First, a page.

Will the GOP Be the Biggest Obstacle Facing a GOP Congress in 2023? Here Are Six Ways to Fix It

AP Photo/Gemunu Amarasinghe

Rep. Chip Roy (R-Texas) issued a statement today that points to the biggest obstacle congressional Republicans will face if voters give them control of the House of Representatives in the 118th Congress that convenes on Jan. 2, 2023.


That would be themselves.

Roy — who wants his GOP colleagues to grow a collective backbone — had demanded in an October 17 letter to Bobak Talebian, Director of the Department of Justice’s (DOJ) Office of Information Policy (OIP) a copy of a DOJ Freedom of Information Act (FOIA) response providing to the Center for Investigative Reporting a “never-before-released” list of every Freedom of Access to Clinic Entrances Act (FACE Act) case filed by the Justice Department since 1994.

The FACE Act is the law under which DOJ is now prosecuting pro-life demonstrators who can even be remotely construed as blocking access to abortion clinics. Eleven individuals in Tennessee were charged on October 5 under the FACE Act.

How did DOJ respond to Roy’s demand? The department acknowledged receiving it, but then did absolutely nothing, which prompted this from the Texas representative:

“Yet again, the Biden Administration is systematically stonewalling Members of Congress — in this case flat-out ignoring a demand for basic, historical information about FACE Act enforcement, that already exists, has already been compiled, and has already been provided to a left-wing organization.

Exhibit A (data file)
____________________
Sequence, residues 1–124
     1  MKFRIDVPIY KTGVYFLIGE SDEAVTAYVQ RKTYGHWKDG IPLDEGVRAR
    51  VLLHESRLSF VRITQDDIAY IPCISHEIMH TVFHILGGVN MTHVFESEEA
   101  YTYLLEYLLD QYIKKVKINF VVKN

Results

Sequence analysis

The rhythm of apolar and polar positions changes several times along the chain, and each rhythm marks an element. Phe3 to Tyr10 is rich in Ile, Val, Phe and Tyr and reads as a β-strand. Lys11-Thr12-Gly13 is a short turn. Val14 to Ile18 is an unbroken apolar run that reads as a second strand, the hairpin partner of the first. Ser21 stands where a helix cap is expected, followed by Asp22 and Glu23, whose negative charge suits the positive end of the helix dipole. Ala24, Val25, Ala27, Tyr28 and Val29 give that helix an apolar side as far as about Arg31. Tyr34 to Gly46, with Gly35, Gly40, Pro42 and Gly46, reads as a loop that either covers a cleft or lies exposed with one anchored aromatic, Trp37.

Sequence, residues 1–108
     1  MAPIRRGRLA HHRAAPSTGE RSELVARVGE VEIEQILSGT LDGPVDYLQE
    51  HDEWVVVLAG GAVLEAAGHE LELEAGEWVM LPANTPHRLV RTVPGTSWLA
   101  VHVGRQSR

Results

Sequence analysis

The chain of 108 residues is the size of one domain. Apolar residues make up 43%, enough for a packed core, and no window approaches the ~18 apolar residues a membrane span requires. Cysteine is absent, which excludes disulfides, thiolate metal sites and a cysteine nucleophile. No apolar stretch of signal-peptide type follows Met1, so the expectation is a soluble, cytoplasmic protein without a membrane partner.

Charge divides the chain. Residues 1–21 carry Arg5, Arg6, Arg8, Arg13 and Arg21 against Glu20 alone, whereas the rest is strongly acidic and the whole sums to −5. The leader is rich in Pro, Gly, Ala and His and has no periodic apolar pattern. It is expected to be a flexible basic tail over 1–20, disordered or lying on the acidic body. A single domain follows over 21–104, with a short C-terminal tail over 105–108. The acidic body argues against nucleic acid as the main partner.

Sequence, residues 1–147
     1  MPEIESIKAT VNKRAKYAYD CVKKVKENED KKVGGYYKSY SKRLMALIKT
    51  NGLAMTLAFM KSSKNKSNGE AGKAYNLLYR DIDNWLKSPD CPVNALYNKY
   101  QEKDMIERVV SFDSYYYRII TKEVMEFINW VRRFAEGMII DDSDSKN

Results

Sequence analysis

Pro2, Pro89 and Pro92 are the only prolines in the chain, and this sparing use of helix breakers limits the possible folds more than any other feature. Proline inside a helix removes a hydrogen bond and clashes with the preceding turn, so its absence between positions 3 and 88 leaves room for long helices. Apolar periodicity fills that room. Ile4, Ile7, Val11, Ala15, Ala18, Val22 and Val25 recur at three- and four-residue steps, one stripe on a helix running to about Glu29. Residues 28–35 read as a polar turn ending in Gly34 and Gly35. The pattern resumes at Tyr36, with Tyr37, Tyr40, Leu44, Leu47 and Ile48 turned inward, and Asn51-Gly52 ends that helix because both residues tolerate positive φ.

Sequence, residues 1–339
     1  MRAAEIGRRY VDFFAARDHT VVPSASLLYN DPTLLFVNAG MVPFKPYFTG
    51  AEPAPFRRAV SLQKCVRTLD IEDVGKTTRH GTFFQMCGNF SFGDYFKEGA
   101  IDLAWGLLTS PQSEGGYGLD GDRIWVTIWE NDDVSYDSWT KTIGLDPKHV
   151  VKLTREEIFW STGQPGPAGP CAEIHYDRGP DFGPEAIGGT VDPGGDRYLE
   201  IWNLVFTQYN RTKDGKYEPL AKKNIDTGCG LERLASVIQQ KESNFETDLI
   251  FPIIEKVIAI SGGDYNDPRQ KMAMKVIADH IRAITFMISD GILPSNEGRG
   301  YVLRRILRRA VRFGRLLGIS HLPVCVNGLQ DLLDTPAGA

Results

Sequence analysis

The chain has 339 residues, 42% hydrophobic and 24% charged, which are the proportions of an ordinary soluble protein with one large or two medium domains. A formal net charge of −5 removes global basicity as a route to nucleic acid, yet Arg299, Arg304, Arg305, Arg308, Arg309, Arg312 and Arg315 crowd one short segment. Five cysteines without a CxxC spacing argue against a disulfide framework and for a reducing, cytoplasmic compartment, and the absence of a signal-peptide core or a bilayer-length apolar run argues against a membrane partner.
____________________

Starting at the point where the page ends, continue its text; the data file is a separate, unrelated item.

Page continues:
This administration should release the data to the public immediately; what are they trying to hide?

The American people and their representatives must decide whether this administration or any presidential administration can be trusted with the power delegated to the DOJ by the FACE Act — an easily weaponized, likely unconstitutional statute that usurps state powers with the sole purpose of empowering the federal government to target citizens at will.

I will continue to hold this administration accountable for its unprecedented use of the FACE Act and Congress responsible for delegating sweeping power to unaccountable executive branch bureaucrats decades ago”


When officials in the Biden administration don’t want to provide documents sought by Congress, they reply, “no,” using some concocted rationalization and thus in effect say, “so sue us,” or they simply do nothing and ignore the request. Ditto during the Obama and Clinton administrations.

Republican congressmen can then release all kinds of concerned statements, issue new demands, tell every reporter who will listen about it, write outraged op-eds, and otherwise be full of sound and fury.

But it signifies nothing because the Biden bureaucrats — including both the President’s political appointees and the career civil servants who are overwhelmingly left-wing Democrats — won’t budge, knowing as they do that they aren’t risking any unpleasant consequences.

Such brass-knuckle tactics are old-hat for Democrats. Remember then-Attorney General Eric Holder who, in 2012, defied multiple congressional requests and subpoenas for documents on the Fast and Furious program, DOJ’s gun-running to Mexico?

The Republican majority in the House voted in favor of holding Holder in contempt and referred him to DOJ for prosecution. Nothing happened because guess who controlled DOJ?

The same thing occurred in 2013 when former IRS senior executive Lois Lerner refused to answer questions about her role in using the federal tax agency to target conservative, evangelical, and Tea Party non-profit exemption applicants for illegal harassment and delays.